It’s open season on Black bodies for police officers.

At least that’s how this week’s heavily reported shootings of Black men by law enforcement makes it seem. On September 16, Terence Crutcher, 40, was shot dead in Tulsa. Four days later, Keith Lamont Scott, 43, was killed by police in Charlotte.

Their transgressions? Being Black in public.

The sequence of events when Black people are shot by police play like episodes of Law and Order: plentiful, living on in syndication and seemingly available 24-hours a day somewhere in the United States.

In the first case, Crutcher’s car stalled in the center of a highway when his life fatally intersected with Tulsa police officer. Betty Shelby’s, who inexplicably determined he was a threat. Shelby’s encounter with Crutcher was initially not captured on dash cam footage because she never turned it on. Her attorney told the Tulsa World that Shelby believed Crutcher was under the influence of PCP. Police say a vial of the drug was found in Crutcher’s vehicle.

The video evidence tells a much different story. Crutcher was shot in the back, with his hands in the air. The video also shows officers opting not to render any first aid as Crutcher lay in the street dying. An unidentified officer aboard a helicopter hovering over the incident said Crutcher “looks like a bad dude, too.” How one can determine that from the sky is anyone’s guess.

In the second case, Scott, who was described by his family as disabled, was shot by Charlotte police while reading a book in his car, waiting on his son to get out of school. Police claim Scott “posed an imminent deadly threat to the officers who subsequently fired their weapon striking the subject.”

Witnesses say Scott was unarmed, but at a press conference, Charlotte-Mecklenburg Police Chief Kerr Putney said a gun was recovered after the incident that led to Scott’s shooting. Putney also said it is unclear whether Scott pointed the gun at officers. The officer involved, Brentley Vinson was not wearing a body camera at the time.

Does any of this sound familiar?

The introduction of body and dash cameras were supposed to give the public, and presumably law enforcement, a method to hold rogue officers accountable when deaths like Crutcher’s and Scott’s occur. Instead, we’ve been treated to the millennium version of American lynching photography. We see the police standing near bleeding bodies, eerily reminiscent of scenes from the 1900s. And while these police shootings aren’t the in person public spectacles they used to be, social media and websites provide a far larger audience than anything white-hooded terrorists could’ve imagined 50 or 100 years ago.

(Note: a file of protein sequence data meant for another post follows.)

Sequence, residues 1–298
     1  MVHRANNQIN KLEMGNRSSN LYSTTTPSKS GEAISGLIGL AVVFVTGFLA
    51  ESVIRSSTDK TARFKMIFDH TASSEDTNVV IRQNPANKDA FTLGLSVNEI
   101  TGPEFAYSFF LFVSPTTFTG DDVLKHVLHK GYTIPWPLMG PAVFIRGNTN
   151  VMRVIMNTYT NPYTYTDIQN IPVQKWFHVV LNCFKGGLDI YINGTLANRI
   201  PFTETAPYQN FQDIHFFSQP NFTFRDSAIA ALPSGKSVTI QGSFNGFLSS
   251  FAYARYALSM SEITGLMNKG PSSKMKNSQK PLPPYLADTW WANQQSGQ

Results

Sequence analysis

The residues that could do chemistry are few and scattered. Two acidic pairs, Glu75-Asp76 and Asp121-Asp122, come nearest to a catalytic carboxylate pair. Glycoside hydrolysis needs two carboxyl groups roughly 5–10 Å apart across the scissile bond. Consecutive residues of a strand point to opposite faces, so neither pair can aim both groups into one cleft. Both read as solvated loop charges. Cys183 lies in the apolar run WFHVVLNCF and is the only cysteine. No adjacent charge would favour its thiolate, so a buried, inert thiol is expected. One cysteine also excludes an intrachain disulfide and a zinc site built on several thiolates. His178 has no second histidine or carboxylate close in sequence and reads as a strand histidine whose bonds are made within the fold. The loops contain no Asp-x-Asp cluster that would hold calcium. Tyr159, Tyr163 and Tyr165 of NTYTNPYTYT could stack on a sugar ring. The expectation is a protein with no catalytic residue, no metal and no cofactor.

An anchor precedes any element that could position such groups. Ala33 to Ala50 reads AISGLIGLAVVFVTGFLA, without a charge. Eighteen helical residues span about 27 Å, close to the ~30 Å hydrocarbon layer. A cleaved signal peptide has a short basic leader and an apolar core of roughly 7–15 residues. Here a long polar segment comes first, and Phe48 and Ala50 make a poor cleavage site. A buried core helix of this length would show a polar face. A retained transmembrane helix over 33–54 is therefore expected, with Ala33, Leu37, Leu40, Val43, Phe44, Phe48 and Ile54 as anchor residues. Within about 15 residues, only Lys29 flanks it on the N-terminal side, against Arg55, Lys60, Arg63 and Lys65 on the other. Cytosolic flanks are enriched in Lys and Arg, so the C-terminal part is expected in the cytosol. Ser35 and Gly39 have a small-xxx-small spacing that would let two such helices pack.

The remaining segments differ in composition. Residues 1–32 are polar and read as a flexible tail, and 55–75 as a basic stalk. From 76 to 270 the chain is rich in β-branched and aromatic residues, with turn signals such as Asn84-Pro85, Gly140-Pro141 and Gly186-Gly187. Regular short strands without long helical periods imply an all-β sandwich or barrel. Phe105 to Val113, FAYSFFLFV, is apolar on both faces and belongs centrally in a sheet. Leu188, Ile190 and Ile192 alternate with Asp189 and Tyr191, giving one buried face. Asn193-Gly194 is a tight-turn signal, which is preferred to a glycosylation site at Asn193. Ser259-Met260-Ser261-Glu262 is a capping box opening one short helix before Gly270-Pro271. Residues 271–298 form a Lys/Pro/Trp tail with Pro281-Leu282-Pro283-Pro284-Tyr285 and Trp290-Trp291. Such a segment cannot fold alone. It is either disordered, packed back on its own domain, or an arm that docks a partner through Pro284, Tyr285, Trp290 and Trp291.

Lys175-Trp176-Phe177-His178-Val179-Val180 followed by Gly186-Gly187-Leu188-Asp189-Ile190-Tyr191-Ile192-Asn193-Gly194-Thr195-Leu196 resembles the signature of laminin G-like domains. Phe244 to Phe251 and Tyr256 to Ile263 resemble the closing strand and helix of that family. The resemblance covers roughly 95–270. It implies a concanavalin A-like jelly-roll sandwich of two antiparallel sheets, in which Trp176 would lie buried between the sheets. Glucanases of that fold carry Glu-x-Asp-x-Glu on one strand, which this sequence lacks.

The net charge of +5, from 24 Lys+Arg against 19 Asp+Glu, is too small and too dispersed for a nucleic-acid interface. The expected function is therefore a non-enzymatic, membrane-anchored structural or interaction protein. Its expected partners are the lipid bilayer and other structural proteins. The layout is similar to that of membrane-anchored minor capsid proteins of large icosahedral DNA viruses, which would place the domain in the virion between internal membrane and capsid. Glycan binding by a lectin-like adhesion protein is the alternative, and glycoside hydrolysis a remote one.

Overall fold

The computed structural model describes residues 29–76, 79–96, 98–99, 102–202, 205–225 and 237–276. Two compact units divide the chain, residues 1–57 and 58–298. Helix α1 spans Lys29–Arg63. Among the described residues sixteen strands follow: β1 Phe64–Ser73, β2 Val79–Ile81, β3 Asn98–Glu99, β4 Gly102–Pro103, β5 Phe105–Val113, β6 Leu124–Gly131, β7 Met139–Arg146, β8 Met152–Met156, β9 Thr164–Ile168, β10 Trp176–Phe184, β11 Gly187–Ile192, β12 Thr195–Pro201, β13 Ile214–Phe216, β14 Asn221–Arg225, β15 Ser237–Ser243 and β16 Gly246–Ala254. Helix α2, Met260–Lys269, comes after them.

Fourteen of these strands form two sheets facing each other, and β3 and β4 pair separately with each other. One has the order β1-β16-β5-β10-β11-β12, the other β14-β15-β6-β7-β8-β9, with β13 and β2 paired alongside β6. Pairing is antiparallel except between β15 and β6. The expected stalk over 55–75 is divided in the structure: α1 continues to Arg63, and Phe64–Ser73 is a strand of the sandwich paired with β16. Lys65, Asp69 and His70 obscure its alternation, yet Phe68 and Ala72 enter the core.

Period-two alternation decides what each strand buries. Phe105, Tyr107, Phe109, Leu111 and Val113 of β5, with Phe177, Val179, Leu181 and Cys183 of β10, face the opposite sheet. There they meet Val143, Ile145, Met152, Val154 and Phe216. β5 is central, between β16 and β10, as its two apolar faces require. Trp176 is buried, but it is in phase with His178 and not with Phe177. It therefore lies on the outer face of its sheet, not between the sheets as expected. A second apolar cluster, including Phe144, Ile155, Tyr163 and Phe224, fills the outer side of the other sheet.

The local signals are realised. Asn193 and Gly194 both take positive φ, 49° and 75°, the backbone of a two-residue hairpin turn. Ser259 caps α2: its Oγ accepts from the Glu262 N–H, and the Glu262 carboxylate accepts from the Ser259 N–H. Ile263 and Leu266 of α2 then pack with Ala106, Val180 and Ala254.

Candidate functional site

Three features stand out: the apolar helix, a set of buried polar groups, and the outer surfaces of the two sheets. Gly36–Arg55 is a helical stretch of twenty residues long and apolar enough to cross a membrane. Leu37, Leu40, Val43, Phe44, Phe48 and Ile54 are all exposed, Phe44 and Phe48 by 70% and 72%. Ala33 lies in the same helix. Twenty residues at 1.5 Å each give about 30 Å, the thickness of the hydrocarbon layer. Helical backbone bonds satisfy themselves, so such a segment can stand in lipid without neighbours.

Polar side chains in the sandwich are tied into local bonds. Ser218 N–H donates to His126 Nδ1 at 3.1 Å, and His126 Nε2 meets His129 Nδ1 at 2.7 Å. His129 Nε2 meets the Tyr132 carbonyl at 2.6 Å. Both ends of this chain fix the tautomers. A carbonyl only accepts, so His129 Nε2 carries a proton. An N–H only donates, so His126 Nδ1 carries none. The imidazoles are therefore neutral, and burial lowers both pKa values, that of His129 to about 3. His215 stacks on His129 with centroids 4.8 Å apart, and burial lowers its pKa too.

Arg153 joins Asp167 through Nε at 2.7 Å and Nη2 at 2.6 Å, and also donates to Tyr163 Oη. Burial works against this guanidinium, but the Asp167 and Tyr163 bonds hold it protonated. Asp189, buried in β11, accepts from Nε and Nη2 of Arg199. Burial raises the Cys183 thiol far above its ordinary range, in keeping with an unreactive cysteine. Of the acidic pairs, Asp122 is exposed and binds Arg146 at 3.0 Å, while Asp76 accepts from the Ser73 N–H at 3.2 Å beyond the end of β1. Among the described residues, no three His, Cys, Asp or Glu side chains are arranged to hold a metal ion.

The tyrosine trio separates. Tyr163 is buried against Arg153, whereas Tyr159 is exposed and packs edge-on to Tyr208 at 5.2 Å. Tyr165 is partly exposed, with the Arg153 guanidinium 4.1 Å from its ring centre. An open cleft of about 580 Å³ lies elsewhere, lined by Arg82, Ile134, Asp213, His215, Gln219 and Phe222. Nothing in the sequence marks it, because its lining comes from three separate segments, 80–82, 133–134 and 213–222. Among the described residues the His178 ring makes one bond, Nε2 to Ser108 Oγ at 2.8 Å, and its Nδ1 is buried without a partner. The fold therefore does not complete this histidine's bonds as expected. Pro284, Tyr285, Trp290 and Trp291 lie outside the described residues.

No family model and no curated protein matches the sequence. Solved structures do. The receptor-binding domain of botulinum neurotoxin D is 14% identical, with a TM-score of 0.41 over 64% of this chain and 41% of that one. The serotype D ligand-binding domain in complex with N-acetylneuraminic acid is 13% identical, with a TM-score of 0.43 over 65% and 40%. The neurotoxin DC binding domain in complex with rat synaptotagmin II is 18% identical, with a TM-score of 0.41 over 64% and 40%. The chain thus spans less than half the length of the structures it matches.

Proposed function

Without a doubt, Black people in America are resilient. We have persevered through unspeakable and abominable horrors. We were stripped of our humanity upon arrival and have been fighting for centuries to get it back. And in spite of our strides, going from the plantation outhouse to the White House, we mistakenly believe that we can end police violence.

The reality is that we cannot.

We teach our children that they can do and be and achieve anything they set their minds to. That if they work hard enough, go to the right schools and make the right moves, that they can be great. But as we know, jobs, educational pedigrees, hard work or the finest of garments do not stop bullets, nor do they alter our complexion in a society made up of law enforcement officers who receive paid vacation for taking our lives.

We cannot end police violence because we are not responsible for police violence. Terence Crutcher reminds us of that. Keith Lamont Scott reminds us of that.

The police and the legal system, and only the police and legal system, are responsible for ending police violence towards Black people. Or at the very least, checking police violence when it occurs, up to and including termination of officers and filing charges where appropriate.

“Stop killing us” has been a request at times, a demand at others. But as long as there is no deterrent for laying down Black bodies, as long as there is no internal check and balance in police departments, “stop killing us” will be a mere suggestion.

In a just world, this conversation wouldn’t be necessary. In a just world, it wouldn’t be us against them. In a just world, a badge wouldn’t automatically mean good and Black wouldn’t automatically mean bad. In the real world, it is just us trying to survive routine encounters with them.

As Dr. Martin Luther King, Jr. said, “The ultimate measure of a man is not where he stands in moments of comfort and convenience, but where he stands at times of challenge and controversy.” It is up to the police to hold their co-workers and partners accountable for brutality. It becomes incredibly difficult for a skeptical populace to take seriously the claim that police take the pursuit of justice seriously when the wagons circle around an officer caught lying about a fatal encounter.

The days of the good cop defense against indicting an entire system of policing are over. Yes, there are good cops, but the presence of good cops —and good cops who are Black — are not enough to dismantle institutional racism. And the presence of good cops who risk their lives every day mean nothing if they won’t risk their badges to protect us from the bad ones.

Terence Crutcher and Keith Lamont Scott are just the latest names. Sadly, they likely won’t be the final reminders. Until the “good cops” step up and put an end to police violence, we have no reason to trust the police.

AJ Springer is a writer, questioner of everything and lover of good conversation. Follow him on Twitter @JustAnt1914